By David Horton Smith
This reference paintings defines greater than 1,200 phrases and ideas which were came upon worthwhile in prior study and idea at the nonprofit quarter. The entries mirror the significance of institutions, citizen participation, philanthropy, voluntary motion, nonprofit administration, volunteer management, relaxation, and political actions of nonprofits. in addition they mirror a priority for the broader diversity of important basic options in thought and learn that undergo at the nonprofit zone and its manifestations within the usa and in different places. This dictionary offers the various important foundational paintings at the street towards a common conception of the nonprofit area.
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Additional info for A Dictionary of Nonprofit Terms and Concepts
Jeannotte (2003, passim) observes that investments in cultural capital, as in acquiring and learning about high culture, are linked to the propensity to *volunteer. The term is associated with the work of Pierre Bourdieu (1977). capital, ﬁnancial. , stocks, real estate) as a donation to a *qualiﬁed donee and deduct the fair market value of the donation, even if the property was acquired for a much lower price (Fishman and Schwarz 2000:911). This usually results in signiﬁcant tax savings over the giving of cash or non-longterm gain property.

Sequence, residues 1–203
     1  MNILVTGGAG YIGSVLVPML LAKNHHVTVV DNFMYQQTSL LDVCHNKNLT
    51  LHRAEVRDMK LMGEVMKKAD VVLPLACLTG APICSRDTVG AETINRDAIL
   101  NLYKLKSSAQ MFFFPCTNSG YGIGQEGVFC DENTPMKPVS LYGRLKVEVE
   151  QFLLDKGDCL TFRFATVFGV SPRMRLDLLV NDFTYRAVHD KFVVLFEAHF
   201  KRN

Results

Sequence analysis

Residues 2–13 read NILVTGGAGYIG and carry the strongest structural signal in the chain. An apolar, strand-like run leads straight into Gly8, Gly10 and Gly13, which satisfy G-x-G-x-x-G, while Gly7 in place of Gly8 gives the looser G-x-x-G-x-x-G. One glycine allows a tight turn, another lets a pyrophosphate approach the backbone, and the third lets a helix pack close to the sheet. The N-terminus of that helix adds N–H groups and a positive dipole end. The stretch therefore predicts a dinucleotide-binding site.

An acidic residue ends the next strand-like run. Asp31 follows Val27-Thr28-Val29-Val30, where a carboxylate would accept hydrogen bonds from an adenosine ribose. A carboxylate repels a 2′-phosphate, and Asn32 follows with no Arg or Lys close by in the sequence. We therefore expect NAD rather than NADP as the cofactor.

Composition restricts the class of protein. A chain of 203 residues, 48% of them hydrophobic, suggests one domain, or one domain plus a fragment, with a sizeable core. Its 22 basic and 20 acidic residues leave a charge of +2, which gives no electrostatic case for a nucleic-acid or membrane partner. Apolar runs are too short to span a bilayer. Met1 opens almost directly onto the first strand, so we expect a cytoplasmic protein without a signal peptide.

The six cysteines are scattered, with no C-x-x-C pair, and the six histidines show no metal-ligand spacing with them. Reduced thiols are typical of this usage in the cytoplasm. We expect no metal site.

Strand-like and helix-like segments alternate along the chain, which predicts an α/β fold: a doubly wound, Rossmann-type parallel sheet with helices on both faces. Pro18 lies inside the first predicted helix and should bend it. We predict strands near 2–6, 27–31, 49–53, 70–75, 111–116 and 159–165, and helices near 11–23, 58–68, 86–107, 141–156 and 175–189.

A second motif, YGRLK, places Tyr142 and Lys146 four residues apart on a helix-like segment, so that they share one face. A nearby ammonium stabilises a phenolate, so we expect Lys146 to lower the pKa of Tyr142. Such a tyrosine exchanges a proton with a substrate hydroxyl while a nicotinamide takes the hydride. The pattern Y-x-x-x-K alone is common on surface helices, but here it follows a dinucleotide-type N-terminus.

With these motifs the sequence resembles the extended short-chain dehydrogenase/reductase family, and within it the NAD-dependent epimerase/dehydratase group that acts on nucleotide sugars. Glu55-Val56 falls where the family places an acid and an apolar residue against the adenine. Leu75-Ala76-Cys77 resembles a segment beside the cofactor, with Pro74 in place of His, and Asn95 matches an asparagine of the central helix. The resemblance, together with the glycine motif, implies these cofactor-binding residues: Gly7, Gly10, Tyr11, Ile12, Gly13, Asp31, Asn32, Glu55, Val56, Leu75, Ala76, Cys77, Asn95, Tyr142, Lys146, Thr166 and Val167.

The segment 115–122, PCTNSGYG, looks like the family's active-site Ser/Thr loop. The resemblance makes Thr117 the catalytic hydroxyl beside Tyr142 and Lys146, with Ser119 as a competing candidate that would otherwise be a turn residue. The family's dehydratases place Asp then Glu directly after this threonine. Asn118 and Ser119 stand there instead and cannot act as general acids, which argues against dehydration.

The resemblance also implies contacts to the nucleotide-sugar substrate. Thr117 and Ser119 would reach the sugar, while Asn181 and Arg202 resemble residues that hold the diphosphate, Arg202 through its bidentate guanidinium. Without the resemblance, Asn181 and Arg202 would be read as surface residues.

Capital, psychosocial leadership: ability of a *leader to generate *commitment and activity from *members of a *nonproﬁt group to give expression to certain important beliefs and values held by both the leader and the members (Smith 2000:58). capital, social: connections among individuals, as manifested in social networks, trustworthiness, acts motivated by the norm of *reciprocity, and the like. , natural resources, *ﬁnancial resources) to emphasize that human groups of all kinds also beneﬁt from and advance their interests according to the salutary interconnectivity of their members.
Asset in nonproﬁts: an item of property belonging to a *nonproﬁt group. Most such groups have ﬁnancial assets generated from *revenues (often modest, Smith 2000:119) and rather few, if any, ﬁxed assets such as land, buildings, or large machinery. See also resource association: a relatively formally structured *nonproﬁt group that depends mainly on *volunteer *members for *participation and activity and that primarily seeks *member beneﬁts, even if it may also seek some *public beneﬁts. This type of association, frequently referred to as a “voluntary association” (see classic discussion in Smith and Freedman 1972), is the most common nonproﬁt in the United States (Smith 2000:41–42).